RETIREMENT TIPS: IRS Clarifies IRA Rollover Rules

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AlanKondo-238x300By ALAN KONDO, CFP, CLU

For 2015, the maximum pre-tax money that you can contribute to an employer-sponsored plan, such as a 401(k), 403(b) or 457, is $18,000 ($24,000 if you are age 50 or over). For many people, this ceiling is adequate.

However, for some high-income employees, even the maximum contribution is not enough to build a nest egg sufficient to maintain their lifestyle in retirement. For this reason, they often contribute an additional after-tax amount to their retirement plan.

The problem came when they decided to retire. Ideally these employees would want to roll the pre-tax portion of their contributions to a Traditional IRA, and the post-tax portion to a Roth IRA. The IRS, however, was inconclusive about whether this was allowed.

After years of ambiguity, the IRS ruled definitively in September of 2014 that participants in employer-sponsored retirement plans can roll after-tax contributions into a Roth IRA tax free.

IRS Notice 2014-54, Guidance on Allocation of After-Tax Amounts to Rollovers, “provides rules for allocating pretax and after-tax amounts among disbursements that are made to multiple destinations from a qualified plan.”¹ Importantly, the notice states that all disbursements from a retirement plan made at the same time will be treated as a single distribution even if they are sent to multiple new accounts.

Prior to this ruling, the IRS treated distributions from a retirement plan that were rolled over to multiple new accounts as separate distributions, each requiring that a proportional share of pretax and after-tax monies be disbursed.²

A Simplified Process

Now individuals holding both pre-tax and after-tax amounts in their plan can transfer — through direct, trustee-to-trustee rollovers — the pretax portion of the distribution (including earnings on after-tax amounts) to a traditional IRA and the after-tax portion of the distribution to a Roth IRA. In the past, this could only be accomplished through indirect 60-day rollovers, not through simplified direct rollovers.²

More Clarification, Please

As with many IRS rulings, Notice 2014-54 raised many questions with taxpayers. In response, the IRS recently issued some answers to those commonly asked.

Q: If I have both pretax and after-tax monies in my retirement account, can I roll over just the after-tax monies to a Roth IRA, leaving all of the pretax monies intact?

A: No, the new rule does not change the requirement that partial distributions from a plan must include a “proportional share” of the pretax and after-tax amounts.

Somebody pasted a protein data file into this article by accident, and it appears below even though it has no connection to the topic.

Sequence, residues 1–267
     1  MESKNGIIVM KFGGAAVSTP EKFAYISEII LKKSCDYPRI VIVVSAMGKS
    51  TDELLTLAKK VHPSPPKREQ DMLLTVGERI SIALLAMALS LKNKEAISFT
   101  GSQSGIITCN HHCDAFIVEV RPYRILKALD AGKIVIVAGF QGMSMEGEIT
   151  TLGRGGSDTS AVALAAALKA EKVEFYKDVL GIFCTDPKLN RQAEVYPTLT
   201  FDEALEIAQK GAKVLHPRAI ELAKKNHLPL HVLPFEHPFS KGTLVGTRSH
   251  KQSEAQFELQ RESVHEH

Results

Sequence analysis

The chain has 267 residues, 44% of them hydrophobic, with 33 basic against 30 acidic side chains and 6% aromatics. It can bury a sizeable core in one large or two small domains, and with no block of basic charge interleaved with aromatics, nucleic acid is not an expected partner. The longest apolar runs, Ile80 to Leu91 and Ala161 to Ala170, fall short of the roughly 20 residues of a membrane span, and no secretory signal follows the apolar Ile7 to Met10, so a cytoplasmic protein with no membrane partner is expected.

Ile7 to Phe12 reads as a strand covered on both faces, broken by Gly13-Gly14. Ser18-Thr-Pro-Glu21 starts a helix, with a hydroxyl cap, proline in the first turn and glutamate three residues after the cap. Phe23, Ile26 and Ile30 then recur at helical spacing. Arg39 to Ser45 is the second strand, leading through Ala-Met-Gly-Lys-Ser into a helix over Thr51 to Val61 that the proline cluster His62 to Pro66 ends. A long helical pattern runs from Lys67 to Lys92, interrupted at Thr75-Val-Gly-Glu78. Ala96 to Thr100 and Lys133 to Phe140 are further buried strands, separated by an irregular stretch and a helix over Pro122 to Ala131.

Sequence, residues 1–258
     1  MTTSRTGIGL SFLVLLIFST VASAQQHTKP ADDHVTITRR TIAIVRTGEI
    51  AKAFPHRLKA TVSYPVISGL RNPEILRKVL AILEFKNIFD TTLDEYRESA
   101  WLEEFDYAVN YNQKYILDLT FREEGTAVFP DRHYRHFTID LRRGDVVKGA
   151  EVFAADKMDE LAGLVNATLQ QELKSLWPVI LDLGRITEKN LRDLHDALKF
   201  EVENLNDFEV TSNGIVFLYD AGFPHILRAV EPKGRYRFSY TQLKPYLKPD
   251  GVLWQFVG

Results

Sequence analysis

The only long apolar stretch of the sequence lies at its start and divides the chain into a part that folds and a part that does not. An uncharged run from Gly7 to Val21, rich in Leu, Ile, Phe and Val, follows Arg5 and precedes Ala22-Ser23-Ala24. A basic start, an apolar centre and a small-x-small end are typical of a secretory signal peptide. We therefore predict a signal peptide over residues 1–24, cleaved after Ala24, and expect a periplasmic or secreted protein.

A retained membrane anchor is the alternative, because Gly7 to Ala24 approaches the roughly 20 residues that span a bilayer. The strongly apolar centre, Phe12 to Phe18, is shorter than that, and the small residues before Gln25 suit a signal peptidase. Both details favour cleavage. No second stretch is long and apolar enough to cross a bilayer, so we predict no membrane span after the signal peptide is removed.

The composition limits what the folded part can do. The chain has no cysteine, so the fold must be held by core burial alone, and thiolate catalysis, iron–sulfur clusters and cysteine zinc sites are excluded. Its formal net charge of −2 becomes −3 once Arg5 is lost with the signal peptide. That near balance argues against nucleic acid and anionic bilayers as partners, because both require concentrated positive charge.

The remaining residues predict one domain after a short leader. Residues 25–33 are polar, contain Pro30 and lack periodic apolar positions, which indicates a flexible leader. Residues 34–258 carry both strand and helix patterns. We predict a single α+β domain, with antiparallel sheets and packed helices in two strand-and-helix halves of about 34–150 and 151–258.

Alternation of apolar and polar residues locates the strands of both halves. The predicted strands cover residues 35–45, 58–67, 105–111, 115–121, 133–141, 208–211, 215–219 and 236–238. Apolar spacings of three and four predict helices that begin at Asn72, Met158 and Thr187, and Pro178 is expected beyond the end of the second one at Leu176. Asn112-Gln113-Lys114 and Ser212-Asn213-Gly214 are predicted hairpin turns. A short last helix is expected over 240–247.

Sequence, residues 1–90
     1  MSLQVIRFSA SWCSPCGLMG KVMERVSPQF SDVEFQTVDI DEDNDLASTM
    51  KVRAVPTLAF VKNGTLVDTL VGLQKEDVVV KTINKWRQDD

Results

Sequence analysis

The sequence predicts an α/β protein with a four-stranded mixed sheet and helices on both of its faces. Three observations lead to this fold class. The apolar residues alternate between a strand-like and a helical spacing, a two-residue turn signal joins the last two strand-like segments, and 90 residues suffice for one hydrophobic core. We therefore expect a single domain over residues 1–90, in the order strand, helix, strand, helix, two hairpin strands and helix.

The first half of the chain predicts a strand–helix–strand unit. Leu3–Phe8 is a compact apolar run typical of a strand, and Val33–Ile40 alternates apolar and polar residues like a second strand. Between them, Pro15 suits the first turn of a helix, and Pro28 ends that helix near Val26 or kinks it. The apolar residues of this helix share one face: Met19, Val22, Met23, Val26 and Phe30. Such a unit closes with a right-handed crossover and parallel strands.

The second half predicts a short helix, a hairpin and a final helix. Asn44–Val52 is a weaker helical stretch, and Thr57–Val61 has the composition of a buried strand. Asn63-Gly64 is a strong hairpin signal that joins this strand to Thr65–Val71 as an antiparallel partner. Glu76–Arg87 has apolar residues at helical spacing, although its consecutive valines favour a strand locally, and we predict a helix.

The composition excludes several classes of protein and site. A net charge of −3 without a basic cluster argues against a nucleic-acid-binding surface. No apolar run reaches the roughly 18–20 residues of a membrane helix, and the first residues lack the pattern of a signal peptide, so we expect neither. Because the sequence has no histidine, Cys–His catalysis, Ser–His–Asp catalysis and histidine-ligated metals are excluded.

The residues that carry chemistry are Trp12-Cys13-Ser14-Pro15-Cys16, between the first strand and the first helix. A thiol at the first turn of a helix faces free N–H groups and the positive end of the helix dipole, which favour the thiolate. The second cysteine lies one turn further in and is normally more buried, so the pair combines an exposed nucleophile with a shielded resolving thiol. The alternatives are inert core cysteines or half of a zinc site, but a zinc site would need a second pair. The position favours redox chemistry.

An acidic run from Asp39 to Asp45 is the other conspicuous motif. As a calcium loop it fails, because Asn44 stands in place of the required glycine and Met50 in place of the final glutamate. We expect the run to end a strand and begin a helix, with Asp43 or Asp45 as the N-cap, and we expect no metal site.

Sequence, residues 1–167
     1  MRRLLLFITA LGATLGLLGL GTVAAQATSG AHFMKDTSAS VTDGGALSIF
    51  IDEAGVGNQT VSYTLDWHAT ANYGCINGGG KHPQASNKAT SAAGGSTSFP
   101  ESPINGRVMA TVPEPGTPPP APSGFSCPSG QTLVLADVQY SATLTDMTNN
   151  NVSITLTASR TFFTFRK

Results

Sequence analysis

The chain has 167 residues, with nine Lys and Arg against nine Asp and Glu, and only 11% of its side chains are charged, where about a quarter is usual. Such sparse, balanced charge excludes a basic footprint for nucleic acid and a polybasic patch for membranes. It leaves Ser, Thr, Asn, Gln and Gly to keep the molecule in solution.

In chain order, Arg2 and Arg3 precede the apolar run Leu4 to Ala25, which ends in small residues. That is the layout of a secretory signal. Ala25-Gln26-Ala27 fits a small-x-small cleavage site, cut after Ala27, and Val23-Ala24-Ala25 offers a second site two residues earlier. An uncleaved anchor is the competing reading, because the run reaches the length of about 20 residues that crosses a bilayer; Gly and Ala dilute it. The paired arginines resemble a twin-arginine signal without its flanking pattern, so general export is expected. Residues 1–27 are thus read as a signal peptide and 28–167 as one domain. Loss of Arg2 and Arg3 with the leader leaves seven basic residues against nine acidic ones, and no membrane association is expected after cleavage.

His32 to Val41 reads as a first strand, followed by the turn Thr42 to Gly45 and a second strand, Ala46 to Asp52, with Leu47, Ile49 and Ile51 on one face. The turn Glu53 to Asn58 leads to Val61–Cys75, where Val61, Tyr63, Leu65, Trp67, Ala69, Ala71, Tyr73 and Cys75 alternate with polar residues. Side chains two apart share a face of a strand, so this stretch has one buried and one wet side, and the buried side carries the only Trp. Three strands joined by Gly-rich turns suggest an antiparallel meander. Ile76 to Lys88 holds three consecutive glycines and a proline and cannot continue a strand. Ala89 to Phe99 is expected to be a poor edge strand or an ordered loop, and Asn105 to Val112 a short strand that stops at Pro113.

Example: If your account balance is $100,000 and consists of $80,000 in pretax amounts and $20,000 in after-tax amounts, and you request a distribution of $50,000, your distribution would consist of $40,000 of pretax amounts and $10,000 of after-tax amounts.²

In order to roll over all of your after-tax contributions to a Roth IRA, you must take a full distribution (all pretax and after-tax amounts), roll over all the pretax amounts directly to a traditional IRA or another eligible retirement plan, and roll over all the after-tax amounts directly to a Roth IRA.

Q: Can I roll over my after-tax contributions to a Roth IRA and the earnings on my after-tax contributions to a traditional IRA?

Yes, since earnings on after-tax contributions are considered pretax monies, after-tax contributions can be rolled over to a Roth IRA while the earnings on those contributions can be directed to a separate traditional IRA and avoid being taxed until they are distributed.

Plan Sponsors: A New Opportunity

The new guidelines present an opportunity for plan sponsors to reach out to participants to determine which individuals have after-tax money in their plans and explain the new rules — and the new opportunity — to them. Further, for those participants who are not currently making after-tax contributions, advisors may want to encourage them to do so, if their employer plan allows.

High-earning employees who are not making after-tax contributions are missing out on the chance to sock away significantly more while benefiting from lower income taxes and tax-deferred investment growth. See your Certified Financial Planner™ or CPA for guidance on the best asset allocation and IRA rollover strategy for you.
¹ The Internal Revenue Service, Notice 2014-54, Guidance on Allocation of After-Tax Amounts to Rollovers, Sept. 18, 2014.

² The Internal Revenue Service, Employee Plans News, Dec. 23, 2014.

The opinions expressed above are solely those of Kondo Wealth Advisors, Inc. (626-449-7783 [email protected]), a Registered Investment Advisor in the state of California. Neither Kondo Wealth Advisors, Inc. nor its representatives provide legal, tax or accounting advice.

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